Information is for general information purposes only, and is not a substitute for the advice of an attorney
Download or view a printable pdf of our Rights of Domestic Violence Survivors in Housing handout
The landlord may evict the abuser, other household members can stay
If a tenant commits a criminal act of physical violence related to domestic violence, sexual assault or stalking against a co-tenant, the landlord may give 24 hours notice to terminate the rental agreement with the abuser only. The landlord may not terminate the rental agreement with any other tenants and may not require the remaining tenants to pay additional rent or an additional deposit or fee because the abuser left. (ORS 90.445)
Breaking your lease early
If you (or a child living with you) have been the victim of domestic violence, sexual assault or stalking within the past 90 days, you have the right to be released from your lease or rental agreement with a 14-day notice to your landlord. (ORS 90.453)
- Make a request to your landlord in writing. (See Sample Form 1 below)
- Provide proof of the abuse by giving your landlord one of the following:
- a copy of a court protective order;
- a copy of a police report showing that you or a child living with you has been the victim of domestic violence, sexual assault or stalking;
- a statement from a “qualified third party” (like a police officer, medical professional, lawyer or victim advocate) stating you have reported an act of domestic violence, sexual assault or stalking. (See Sample Form 3 below)
Your landlord cannot charge you a lease-break fee in this circumstance. Your landlord cannot charge you for rent or damages that were incurred after your lease-break date. Remaining tenants will continue to be responsible for rent. “Immediate family members” may leave with you if you break your lease under these laws. All other tenants must stay.
Changing your locks for safety
If you (or a child living with you) have been the victim of domestic violence, sexual assault or stalking, you have the right to have your locks changed. (ORS 90.459). Your landlord must promptly change your locks or give you permission to change your locks if you notify your landlord that you (or a child living with you) are a victim of domestic violence, sexual assault or stalking and that you want your locks changed. This notice can be verbal, but written notice is always safest. (See Sample Form 2 below).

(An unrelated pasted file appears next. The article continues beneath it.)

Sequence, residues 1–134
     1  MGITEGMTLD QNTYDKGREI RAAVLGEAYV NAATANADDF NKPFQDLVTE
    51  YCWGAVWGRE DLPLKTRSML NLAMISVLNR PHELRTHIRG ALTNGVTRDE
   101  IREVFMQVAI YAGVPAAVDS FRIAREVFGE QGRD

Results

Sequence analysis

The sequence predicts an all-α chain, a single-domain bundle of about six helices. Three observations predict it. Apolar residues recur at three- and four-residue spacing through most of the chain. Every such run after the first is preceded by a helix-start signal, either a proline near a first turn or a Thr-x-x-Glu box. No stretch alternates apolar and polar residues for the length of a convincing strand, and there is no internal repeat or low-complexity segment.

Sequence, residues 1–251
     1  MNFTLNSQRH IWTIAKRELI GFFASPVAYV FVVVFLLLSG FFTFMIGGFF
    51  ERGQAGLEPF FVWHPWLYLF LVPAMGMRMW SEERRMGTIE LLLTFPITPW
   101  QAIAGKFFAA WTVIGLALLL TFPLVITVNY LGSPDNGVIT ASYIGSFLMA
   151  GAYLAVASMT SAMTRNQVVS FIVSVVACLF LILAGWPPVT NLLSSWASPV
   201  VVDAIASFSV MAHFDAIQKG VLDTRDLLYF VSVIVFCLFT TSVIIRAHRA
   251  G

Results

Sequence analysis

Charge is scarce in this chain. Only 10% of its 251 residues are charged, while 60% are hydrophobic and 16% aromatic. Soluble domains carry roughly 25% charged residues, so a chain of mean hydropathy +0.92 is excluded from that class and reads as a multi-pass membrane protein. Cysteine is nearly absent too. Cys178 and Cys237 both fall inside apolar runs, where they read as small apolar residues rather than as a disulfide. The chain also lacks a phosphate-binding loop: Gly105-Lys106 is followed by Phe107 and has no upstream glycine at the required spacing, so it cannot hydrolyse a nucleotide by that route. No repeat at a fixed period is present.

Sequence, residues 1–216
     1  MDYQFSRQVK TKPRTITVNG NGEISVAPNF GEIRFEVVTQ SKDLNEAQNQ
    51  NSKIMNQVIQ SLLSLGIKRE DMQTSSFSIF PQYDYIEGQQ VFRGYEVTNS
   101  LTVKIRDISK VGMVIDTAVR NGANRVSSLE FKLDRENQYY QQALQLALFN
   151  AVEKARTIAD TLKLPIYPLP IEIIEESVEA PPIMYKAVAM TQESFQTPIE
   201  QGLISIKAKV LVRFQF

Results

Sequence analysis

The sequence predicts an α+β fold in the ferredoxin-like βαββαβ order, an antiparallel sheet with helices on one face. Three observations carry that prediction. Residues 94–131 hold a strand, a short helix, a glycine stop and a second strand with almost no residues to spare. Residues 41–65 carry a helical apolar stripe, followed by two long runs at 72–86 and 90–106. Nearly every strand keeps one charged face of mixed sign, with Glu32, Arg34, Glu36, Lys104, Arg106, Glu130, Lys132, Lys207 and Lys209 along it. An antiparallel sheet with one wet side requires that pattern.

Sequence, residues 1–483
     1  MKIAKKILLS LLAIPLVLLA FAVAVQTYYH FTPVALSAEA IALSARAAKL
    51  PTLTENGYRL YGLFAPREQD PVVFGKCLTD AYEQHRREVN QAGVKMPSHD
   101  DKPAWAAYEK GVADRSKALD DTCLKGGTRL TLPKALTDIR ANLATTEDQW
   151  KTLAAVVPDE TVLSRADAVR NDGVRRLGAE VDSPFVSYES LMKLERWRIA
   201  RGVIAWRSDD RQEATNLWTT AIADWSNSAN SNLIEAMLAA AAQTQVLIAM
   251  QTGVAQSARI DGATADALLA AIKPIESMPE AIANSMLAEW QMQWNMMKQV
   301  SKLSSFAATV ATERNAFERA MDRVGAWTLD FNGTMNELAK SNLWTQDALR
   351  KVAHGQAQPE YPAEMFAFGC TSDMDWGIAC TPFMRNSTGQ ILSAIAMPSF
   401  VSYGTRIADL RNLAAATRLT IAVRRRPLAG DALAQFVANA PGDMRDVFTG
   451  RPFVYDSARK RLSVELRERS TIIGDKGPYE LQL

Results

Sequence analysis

If the abuser lives with you as a co-tenant, you must first provide your landlord with a court document that orders the abuser to move out before you or your landlord may change the locks. Your landlord should not allow the abuser into the unit without your permission, unless a court orders the entry. The abuser is jointly responsible for the rent and any damages to the unit until that person’s tenancy ends.
If the abuser is not a co-tenant, you do not need to provide proof to your landlord that the violence occurred. If your landlord refuses or takes too long to change your locks, you can change the locks without the landlord’s permission, but you must give a copy of the new key to the landlord. You are responsible for the cost of changing your locks, but the landlord should not insist you pay for the lock change before changing the locks.
Discrimination because of domestic violence, sexual assault or stalking
Landlords are not allowed to treat survivors of domestic violence, sexual assault or stalking differently because of that experience. This means that landlords cannot threaten to or try to kick someone out just because they are the survivor, or refuse to rent to them because of their experience as a survivor. (ORS 90.449).